Let’s add renewable energy to city’s vision


With all the data in, the future of this community has been charted and we must thank our city leaders for their incredible efforts in managing this city.

This vision plan will be on course for years to come and there is success in this city’s future.

Besides infrastructure, affordable housing and education, I will ask our city leaders and our community to add securing renewable energy to power this city to the list of issues to consider for our future. This was outlined in part at a City Council meeting on Sept 4.

Cities such as Georgetown are now powered by 100-percent solar and wind energy. Denton will follow Georgetown by 2020 in powering their city with the same.

They no longer have to worry of the volatility of crude and gas markets, or unexpected price fluctuations because of conflicts in the Middle East.

Georgetown, I might add, just received $1 million from Bloomberg Philanthropies for their creation of a virtual power plant and their approach to energy conservation.

Our neighbors New Braunfels and Kerrville are already exploring and securing information to power their communities with solar and wind.

Another example is Fort Hood. From the Sept. 17 San Antonio Express News, “wind power can also play an important role in strengthening our military and national security.”

Fort Hood receives around 50 percent of its electricity from wind and solar. Their motivation was to secure the base’s energy supply. In 2017, the base saved approximately $1.7 million and is expected to save even more as they increase the amount of renewables they use.

Solar and wind could certainly be considered by one of this city’s biggest power users, Hill Country Memorial Hospital for example. In one of the hospital CEO’s recent articles I read, she mentioned “reducing operational costs.” Solar and wind would be a way to significantly lower electricity costs.

More hospitals are considering and exploring the use of renewable energy and moving away from fossil fuels.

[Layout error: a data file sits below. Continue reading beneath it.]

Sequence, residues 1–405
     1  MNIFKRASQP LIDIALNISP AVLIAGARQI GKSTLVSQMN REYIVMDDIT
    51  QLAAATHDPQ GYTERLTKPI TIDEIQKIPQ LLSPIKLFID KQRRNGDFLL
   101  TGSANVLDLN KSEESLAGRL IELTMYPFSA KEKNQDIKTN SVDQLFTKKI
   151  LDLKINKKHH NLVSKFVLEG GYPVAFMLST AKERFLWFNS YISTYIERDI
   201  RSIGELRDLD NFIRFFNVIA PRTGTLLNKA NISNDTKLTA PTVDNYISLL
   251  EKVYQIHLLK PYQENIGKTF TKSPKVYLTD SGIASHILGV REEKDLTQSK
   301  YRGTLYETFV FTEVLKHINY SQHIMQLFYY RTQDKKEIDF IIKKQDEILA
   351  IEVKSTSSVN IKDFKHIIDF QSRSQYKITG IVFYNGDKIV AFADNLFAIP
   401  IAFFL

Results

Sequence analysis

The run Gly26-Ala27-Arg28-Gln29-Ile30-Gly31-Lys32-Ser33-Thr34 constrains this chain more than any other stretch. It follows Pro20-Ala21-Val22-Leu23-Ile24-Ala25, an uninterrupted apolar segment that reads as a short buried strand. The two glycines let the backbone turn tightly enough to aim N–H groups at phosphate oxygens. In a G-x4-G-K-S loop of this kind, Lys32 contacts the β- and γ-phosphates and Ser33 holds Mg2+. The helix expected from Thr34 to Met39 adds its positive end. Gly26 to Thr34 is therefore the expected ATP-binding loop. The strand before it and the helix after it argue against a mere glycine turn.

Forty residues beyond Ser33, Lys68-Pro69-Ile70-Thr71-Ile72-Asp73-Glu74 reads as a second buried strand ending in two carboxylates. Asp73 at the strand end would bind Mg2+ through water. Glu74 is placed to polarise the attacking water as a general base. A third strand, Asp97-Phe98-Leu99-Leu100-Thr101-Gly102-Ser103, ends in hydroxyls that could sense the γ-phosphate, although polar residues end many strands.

FISD perhaps could follow the example of the Eanes Independent School District in the Austin area (Nov. 5, Austin American-Statesman). One project is to install solar lighting panels on sloped metal roofs at their school for energy efficiency and cost savings.

For this city, there are other ways to power city owned entities. For example, panels on city-owned property, the land fill, where land that has already been reclaimed or panels at the water reclamation plant.

Obviously, these are only suggestions that would need study by the city’s engineers, but it is something to consider.

I am not advocating for the erection of a massive wind generator on Cross Mountain. These wind and solar plants are already in existence from Amarillo to El Paso in West Texas and no doubt plants can be built to accommodate the needs and usage of a community.

But I believe now is the time for the city, its residents and local businesses to begin the dialog on use of renewable energy for this city.

It is about the cost for energy and the bottom line. It is also an environmental climate change issue.

Our future generations do not get to vote or choose what our generation will leave them. Let’s leave them a Fredericksburg and Texas with cleaner air water and soil. The future is now.


Rodriguez is a retired energy industry employee with four decades in petrochemical, onshore and offshore, and the pipeline sectors. He served in the U.S. Marines from 1969-1971.